One constant in Idaho high school athletics remains its ever-changing leagues and classifications.
This year is no different.
Rule changes shuffled what levels Idaho schools competed in starting last fall. But another rule change passed Wednesday, and fresh enrollment numbers from the Idaho High School Activities Association already have schools across the state eyeing a new future.
The next classification cycle starts in the fall of 2020, so no changes are imminent and none become official until the state activities board hears final appeals at its Sept. 24 meeting. But the latest information provides an early outline of the new landscape.
Here are the highlights:
THE LARGEST 5A SIC EVER?
The raw enrollment numbers from the IHSAA show the 5A SIC swelling from 10 to 13 teams starting in the fall of 2020. That would increase to a record 14 teams when the West Ada School District’s new high school, Owyhee, opens in the fall of 2021.
Kuna, Nampa and Caldwell are projected to move up from the 4A ranks based on their population. They would join Boise, Borah, Capital, Centennial, Eagle, Meridian, Mountain View, Rocky Mountain, Skyview and Timberline.
The IHSAA allowed Kuna, Nampa and Caldwell to drop down or remain in 4A last fall despite 5A enrollment numbers (1,280 or more students) as part of its new classification process. But Kuna Athletic Director Dave Beymer confirmed the Kavemen (1,613 students) won’t try to petition down again.
“We feel comfortable going where our population numbers are,” Beymer said. “We are going to be close to 1,700. We fit in with everyone in 5A. It’s where we should be playing.”
Nampa (1,475) and Caldwell (1,453) couldn’t make the same promise. Nampa Athletic Director Ty Thomas said his school is still collecting information, while Caldwell Athletic Director Jonathan Hallock said the Cougars will try to petition to stay at the 4A level. He believes the Cougars would qualify through the state’s tougher competitive equity standards passed Wednesday.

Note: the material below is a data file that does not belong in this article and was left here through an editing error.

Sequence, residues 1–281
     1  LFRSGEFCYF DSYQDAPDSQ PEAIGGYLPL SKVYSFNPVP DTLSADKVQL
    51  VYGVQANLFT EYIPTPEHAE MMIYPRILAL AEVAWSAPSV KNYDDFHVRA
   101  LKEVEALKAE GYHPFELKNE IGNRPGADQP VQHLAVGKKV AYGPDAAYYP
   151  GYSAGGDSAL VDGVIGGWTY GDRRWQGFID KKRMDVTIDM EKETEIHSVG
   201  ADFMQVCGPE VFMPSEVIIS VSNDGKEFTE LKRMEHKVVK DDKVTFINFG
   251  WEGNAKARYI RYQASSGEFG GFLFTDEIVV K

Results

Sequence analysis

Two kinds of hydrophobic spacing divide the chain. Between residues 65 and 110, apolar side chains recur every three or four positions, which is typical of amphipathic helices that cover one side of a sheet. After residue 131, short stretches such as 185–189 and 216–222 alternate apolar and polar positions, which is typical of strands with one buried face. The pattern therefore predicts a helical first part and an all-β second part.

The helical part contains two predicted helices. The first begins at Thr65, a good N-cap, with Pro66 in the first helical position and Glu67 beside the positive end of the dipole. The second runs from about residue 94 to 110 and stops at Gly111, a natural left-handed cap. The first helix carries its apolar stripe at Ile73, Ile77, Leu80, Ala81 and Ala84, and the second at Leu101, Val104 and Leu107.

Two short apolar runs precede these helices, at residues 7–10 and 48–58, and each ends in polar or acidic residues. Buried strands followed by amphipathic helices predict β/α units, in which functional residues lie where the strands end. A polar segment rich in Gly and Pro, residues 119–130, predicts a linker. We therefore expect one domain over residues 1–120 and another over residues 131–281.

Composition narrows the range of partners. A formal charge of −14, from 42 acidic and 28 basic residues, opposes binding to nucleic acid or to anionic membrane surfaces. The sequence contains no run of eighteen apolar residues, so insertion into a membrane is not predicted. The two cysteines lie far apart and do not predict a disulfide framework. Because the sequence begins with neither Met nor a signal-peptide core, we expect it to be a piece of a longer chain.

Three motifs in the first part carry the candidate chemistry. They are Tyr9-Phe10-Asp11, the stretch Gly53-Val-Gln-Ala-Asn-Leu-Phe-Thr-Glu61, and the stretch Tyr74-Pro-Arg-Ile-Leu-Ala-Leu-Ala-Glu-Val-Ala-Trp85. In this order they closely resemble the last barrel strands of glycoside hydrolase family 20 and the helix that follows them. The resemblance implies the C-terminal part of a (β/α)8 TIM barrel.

The only time the league fielded 13 teams came before the creation of the 4A classification for all sports in the 2000-01 school year. It has never fielded 13 football teams at the same time, nor has it ever fielded 14 teams in any sport.
Exceeding 10 football teams would force the conference to return to the pod, or division, format it used from the 2014-15 to 2017-18 school years when it had 12 teams. It also used pods from 2008-09 to 2010-11 when it had 11 teams.
Other changes across the state in 5A could include the return of Idaho Falls (1,301) and the elevation of Canyon Ridge (1,285) of Twin Falls. Canyon Ridge Athletic Director Lonnie Ahlquist confirmed his program will try to remain 4A, citing increased travel costs as the only 5A school in its district, its crosstown rival (Twin Falls) playing at the 4A level and that it’d become the state’s smallest 5A program.
Idaho Falls Athletic Director Pat Lloyd said the Tigers are exploring their options.
A SHRINKING 4A SIC
All the movement up to the 5A SIC would come at the expense of the 4A SIC as it shrinks from nine teams to six: Bishop Kelly, Columbia, Emmett, Middleton, Ridgevue and Vallivue.
The IHSAA granted Columbia an exemption to play at the 4A level last fall despite 5A enrollment based on its on-the-field struggles. The Wildcats won’t need to pursue another exemption as their enrollment numbers (1,232) came under the 4A maximum (1,279) this time.
The depleted league could open the door for Mountain Home to return to its traditional home. The Tigers moved to the Twin Falls- and Pocatello-based Great Basin Conference last fall. Mountain Home Athletic Director John Clark said his school is considering a return.
No new teams are projected to join the 4A classification. If the raw enrollment numbers held up, 5A and 4A would have 23 teams each. Currently, the 5A classification has 18 teams and the 4A has 28.
3A SRV, 2A WIC BOTH GROWING
After 10 seasons at the 2A level, McCall-Donnelly (351.5 students) will return to the 3A classification in 2020-21. The maximum for 2A is 319.
McCall-Donnelly Athletic Director Bryan Joyce confirmed his program won’t chase a petition, creating a six-team 3A Snake River Valley with Fruitland, Homedale, Parma, Payette and Weiser.
But the Vandals’ departure won’t shrivel the 2A Western Idaho Conference with Compass Charter (217.5) and Ambrose (161) growing and projected to join an eight-team league. The maximum for 1A Division I is 159 students.
Compass Charter Athletic Director Grego Cordero said he’d pursue a petition to remain a 1A Division I program, citing competitive concerns at the 2A level. But Ambrose Athletic Director Amy Yenor said her private Christian school won’t fight the move.